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Diegnan, Moriarty & Johnson: AmEx Pulling Gift Cards from Businesses in NJ Show Need to Reverse Christie’s Anti-Retailer Law

American Express has begun pulling its gift cards due to changes made to the laws governing the state’s treatment of unclaimed property by Gov. Christie

(TRENTON) – Assembly members Patrick J. Diegnan Jr., Paul D. Moriarty and Gordon M. Johnson today stressed the importance of restoring New Jersey’s unclaimed property law, following news that American Express is pulling its gift cards from New Jersey businesses due to the changes made to the law by Gov. Chris Christie two years ago.

Diegnan, Moriarty and Johnson are sponsoring a bill to reverse the Christie administration’s anti-retailer law governing state treatment of unclaimed property. The bill was approved by the Assembly last month.

“We worried about the impact the governor’s anti-retailer law would have and now those worries have materialized in a company pulling its products from New Jersey. This is a repercussion that our businesses simply cannot afford,” said Diegnan (D-Middlesex). “American Express is the first company to pull their gift cards from New Jersey, but how many will follow? In order to protect our businesses and consumers, we must restore the law to its original intent.”

According to a media report, American Express began pulling gift cards sold through third-party retailers last week. As of today, the only way for New Jersey residents to buy AmEx gift cards, which can be used practically anywhere, is directly from the company.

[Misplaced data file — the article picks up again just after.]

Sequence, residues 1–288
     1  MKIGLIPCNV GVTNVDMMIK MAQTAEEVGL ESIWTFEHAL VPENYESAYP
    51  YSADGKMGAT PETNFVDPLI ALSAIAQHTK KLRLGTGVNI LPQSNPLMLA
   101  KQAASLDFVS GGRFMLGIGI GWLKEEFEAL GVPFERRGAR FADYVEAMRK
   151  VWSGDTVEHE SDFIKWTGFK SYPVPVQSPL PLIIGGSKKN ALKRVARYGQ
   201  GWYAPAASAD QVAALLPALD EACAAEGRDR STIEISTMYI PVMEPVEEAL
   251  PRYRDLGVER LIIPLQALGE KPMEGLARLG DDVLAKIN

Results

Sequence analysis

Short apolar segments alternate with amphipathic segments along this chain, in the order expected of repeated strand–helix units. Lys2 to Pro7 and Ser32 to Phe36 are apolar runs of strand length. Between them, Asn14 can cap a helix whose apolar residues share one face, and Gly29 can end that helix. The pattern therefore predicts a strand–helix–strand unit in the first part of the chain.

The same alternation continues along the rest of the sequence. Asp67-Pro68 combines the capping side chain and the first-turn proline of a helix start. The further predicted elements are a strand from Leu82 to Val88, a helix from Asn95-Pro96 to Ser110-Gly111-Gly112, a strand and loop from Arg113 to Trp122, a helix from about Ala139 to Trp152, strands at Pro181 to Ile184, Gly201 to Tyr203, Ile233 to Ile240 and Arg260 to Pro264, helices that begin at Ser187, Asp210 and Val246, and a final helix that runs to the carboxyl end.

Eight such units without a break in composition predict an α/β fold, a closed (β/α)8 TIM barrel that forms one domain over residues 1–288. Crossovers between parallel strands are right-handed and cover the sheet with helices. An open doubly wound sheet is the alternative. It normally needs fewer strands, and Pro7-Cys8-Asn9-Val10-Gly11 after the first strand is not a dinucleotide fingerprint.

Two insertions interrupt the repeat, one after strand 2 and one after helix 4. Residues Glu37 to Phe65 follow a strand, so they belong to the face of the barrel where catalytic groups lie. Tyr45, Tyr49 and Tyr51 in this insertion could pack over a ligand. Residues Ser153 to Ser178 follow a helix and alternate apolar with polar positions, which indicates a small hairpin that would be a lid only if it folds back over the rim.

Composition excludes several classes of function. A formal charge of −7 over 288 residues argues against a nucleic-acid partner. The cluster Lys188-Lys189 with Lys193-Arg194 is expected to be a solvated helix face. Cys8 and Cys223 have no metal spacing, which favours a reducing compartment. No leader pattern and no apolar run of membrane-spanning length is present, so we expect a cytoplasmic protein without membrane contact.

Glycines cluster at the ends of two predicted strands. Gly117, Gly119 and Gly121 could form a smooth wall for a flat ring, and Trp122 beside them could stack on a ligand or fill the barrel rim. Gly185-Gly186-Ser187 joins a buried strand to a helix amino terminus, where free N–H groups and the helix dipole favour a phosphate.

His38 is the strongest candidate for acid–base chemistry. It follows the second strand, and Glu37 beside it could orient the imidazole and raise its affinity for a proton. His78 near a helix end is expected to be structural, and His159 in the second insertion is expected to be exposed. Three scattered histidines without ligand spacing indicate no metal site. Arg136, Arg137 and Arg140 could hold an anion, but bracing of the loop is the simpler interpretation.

“As evidenced by the decision by American Express, not all change is good. Our concerns about the consequences of the governor’s revisions went unheard. Now that the company has decided to stop selling its gift cards through businesses in New Jersey, maybe the governor and our Republican counterparts will listen and support our bill to restore the law,” said Moriarty (D-Gloucester/Camden).

“The governor’s law has claimed its first casualty. The real losers however are the businesses who lose potential revenue under the revised law, and residents who no longer have the convenience of walking into a shop to pick up an AmEx gift card,” said Johnson (D-Bergen). “Whatever its intent; the governor’s law has failed. It’s time to restore the original unused public property law.”

The bill (A-1871) reverses changes to the laws governing the state’s treatment of unclaimed property made as part of the budget signed into law by the governor in June 2010.

The bill would remove all references and the operative section for the state’s claim on certain unused stored value cards.

It would also re-enact the 15 year abandonment period for traveler’s checks and the seven year abandonment period for money orders, both of which were changed to 3 years.

The bill would restore the previous statutory standard of unconscionability for limiting service charges on traveler’s checks and limiting fees associated with a failure to redeem a credit balance, customer overpayment, security deposit, refund, credit memorandum, unused ticket and similar instruments.

Additionally, the bill re-enacts certain money order specific consumer protections that had been otherwise configured in statute by recent changes.

Lastly, the bill would grant the state treasurer emergency regulatory authority to implement this act and to reimburse issuers that reported unclaimed property under the recent 2010 changes, which would not have been due reportable otherwise.